The Nakajima B6N1 Type 11 attack/torpedo bomber Tenzan, Allied code name “Jill”, was introduced in 1943 as a replacement for the B5N Kate. It was a big improvement over the Kate and, although faster and more maneuverable, it was still no match for the U.S. Navy’s carrier-based fighters. The losses were so great that only one Jill is known to be in existence today.
There were two main production variants of the Jill – the earlier Type 11 and the later Type 12. The Type 11 had the more powerful Mamori Model 11 power plant, a 14-cylinder radial (rated 1870 hp at takeoff), but it proved to be unreliable. The Mamori engine was dropped in favor of the more dependable but considerably weaker Kasei powerplant in the Tenzan Type 12 design.
My sample arrived in the standard colorful Hasegawa box. Inside, I found 170 pieces; all were sealed in their typical clear poly-bags. The plastic is from Hasegawa’s older B6N1 Type 12 and isn’t a new tooling release. However, it has held up very well over the years. I could only find a few annoying ejector pin marks (along with a few sink marks) flawing an otherwise near-perfect mold. The clear parts are thin and feature fine framing details but, sadly, they are a bit opaque. This limited edition boxing included resin pieces to backdate the kit from a Type 12 to a Type 11. The resin items include larger correct prop blades, a spinner, an oil cooler scoop, exhaust pipes, an engine cowling, and windscreen forward fuselage halves. The resin parts are meant to be a drop-in replacement for their plastic counterparts.
My sample had a few problems with the resin being short-shot, or not fully cast. Air bubbles were also problematic. I probably could have fixed these shortcomings, but after contacting the proper chain of command, it was decided to have new parts sent to me. To the untrained eye, I’m sure the replacements appeared to be Ok, but, sadly, they were not. I’ll go into more detail on this later.
Also inside the box were the standard fold-out instruction sheet and a beautiful comprehensive decal sheet.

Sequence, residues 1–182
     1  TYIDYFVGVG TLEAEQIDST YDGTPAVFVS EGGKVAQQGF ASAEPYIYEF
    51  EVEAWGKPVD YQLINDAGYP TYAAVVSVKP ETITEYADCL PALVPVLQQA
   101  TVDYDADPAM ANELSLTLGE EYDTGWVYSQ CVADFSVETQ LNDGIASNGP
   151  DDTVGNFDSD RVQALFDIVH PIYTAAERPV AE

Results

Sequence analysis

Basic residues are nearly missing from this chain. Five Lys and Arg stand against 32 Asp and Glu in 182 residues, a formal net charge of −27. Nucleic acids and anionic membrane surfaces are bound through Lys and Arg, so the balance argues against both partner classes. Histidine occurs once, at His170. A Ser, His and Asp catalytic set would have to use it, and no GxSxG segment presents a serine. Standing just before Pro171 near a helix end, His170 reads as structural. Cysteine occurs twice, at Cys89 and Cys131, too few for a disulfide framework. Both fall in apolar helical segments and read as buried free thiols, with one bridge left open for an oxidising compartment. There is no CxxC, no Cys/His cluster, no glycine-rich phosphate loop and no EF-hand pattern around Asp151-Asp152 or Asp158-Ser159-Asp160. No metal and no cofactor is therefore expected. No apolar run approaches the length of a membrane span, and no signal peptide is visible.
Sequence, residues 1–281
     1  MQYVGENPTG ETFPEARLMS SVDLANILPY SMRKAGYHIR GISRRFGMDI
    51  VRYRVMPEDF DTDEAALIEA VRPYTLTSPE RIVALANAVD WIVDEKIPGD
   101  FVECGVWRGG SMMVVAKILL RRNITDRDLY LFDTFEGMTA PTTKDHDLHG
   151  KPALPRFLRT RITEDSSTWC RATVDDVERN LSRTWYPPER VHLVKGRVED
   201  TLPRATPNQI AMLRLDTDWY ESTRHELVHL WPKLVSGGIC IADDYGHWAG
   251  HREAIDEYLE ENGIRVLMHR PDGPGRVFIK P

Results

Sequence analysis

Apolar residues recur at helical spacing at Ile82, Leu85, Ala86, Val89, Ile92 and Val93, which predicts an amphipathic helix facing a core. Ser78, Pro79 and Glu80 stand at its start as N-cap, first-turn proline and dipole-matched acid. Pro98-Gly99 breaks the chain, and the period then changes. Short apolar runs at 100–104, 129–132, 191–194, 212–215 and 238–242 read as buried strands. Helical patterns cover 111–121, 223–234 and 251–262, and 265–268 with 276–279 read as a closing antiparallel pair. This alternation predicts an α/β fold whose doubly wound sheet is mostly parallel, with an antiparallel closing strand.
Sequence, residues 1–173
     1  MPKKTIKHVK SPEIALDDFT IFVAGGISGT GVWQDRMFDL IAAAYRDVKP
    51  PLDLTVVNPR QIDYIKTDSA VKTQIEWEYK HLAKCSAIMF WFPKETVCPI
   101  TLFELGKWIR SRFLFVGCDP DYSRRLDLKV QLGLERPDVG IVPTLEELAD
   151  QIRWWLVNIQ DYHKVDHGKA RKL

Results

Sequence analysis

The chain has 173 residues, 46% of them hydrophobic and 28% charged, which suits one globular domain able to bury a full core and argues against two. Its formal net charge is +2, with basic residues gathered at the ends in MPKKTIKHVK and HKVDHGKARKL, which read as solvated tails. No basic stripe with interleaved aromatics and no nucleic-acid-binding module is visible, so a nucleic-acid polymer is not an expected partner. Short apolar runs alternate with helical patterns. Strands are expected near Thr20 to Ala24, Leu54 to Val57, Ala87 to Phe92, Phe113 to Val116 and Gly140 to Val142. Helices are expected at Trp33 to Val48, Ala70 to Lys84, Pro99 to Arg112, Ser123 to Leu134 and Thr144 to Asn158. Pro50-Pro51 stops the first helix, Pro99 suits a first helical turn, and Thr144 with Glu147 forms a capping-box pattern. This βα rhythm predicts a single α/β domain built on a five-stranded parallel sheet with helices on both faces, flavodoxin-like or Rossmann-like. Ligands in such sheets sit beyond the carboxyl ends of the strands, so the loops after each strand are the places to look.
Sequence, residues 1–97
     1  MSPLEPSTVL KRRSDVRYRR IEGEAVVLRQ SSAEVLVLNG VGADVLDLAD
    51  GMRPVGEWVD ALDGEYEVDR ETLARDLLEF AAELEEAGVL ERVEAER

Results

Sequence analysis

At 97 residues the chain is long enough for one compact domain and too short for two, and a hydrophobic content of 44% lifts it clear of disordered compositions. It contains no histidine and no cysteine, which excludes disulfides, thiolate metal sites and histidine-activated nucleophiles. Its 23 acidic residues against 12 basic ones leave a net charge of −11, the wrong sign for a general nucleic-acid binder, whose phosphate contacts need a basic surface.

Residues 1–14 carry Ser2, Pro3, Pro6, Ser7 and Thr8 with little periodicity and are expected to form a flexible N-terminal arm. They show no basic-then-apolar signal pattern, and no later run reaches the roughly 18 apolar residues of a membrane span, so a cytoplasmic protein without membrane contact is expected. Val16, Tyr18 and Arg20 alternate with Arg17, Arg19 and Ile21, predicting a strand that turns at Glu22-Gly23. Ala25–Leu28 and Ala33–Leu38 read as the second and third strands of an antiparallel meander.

- I.J.N. 601st N.F.G., Code 12-382, Singapore, Spring 1944
- I.J.N. 531st N.F.G., Code 31-364, 1943
I began this build as I do with almost all model aircraft, in the cockpit and crew stations. I found the level of detail to be above average and the parts very simple to construct. The instrument panel is represented with nice raised detail and can be complemented with a choice of two decals, depending on your modeling methodology. There’s a trap door option that allows you to drop the 7.7 mm machine gun from the belly. In hindsight, I would have done this but my concern (at this stage of the build) was that clearance would have been a problem.
I deviated from the instructions (luckily) and didn’t glue the resin parts to the main fuselage before gluing the fuselage halves. Instead, I closed up the fuselage and added the inboard wing section; it all went together without any problems. That was to be short-lived, however, as I began working with the resin parts. Now, to be fair, I’m sure the master copies were made to the highest standards, but perhaps someone needs to perform a quality control check of the production castings. As I mentioned earlier, the first samples were not satisfactory, and the second set wasn’t much better. To elaborate, the prop tips were missing on a few blades due to air bubbles, and some blades were warped. Air bubbles also plagued the very thin cowling flaps. The forward fuselage halves were all short-shot and misshapen, and did not test-fit very well to the plastic fuselage. When mating to the completed main fuselage, the resin halves have to be fitted, filled, reshaped, and rescribed. This part of the build will test your patience and modeling skills to the limit. Most of the other resin parts also needed some reworking to make them presentable. Once that was over, the rest of the build seemed to proceed without a hitch…until I tried to attach the wings in the open configuration. For what it’s worth, glue the inboard and outboard wing parts first if you plan on leaving them unfolded. As a result of my shortsightedness, I was forced to fold the wings. One last note: the decals are awesome.
The Bottom Line
Priced at 75 bucks, it’s a tough call. I love Hasegawa model kits – they have an honest familiarity about them. However, when adding poorly cast resin parts into the mix, you could find yourself walking into Terra incognito.
Thanks to Hobbico and Hasegawa for the kit and IPMS-USA for the review opportunity.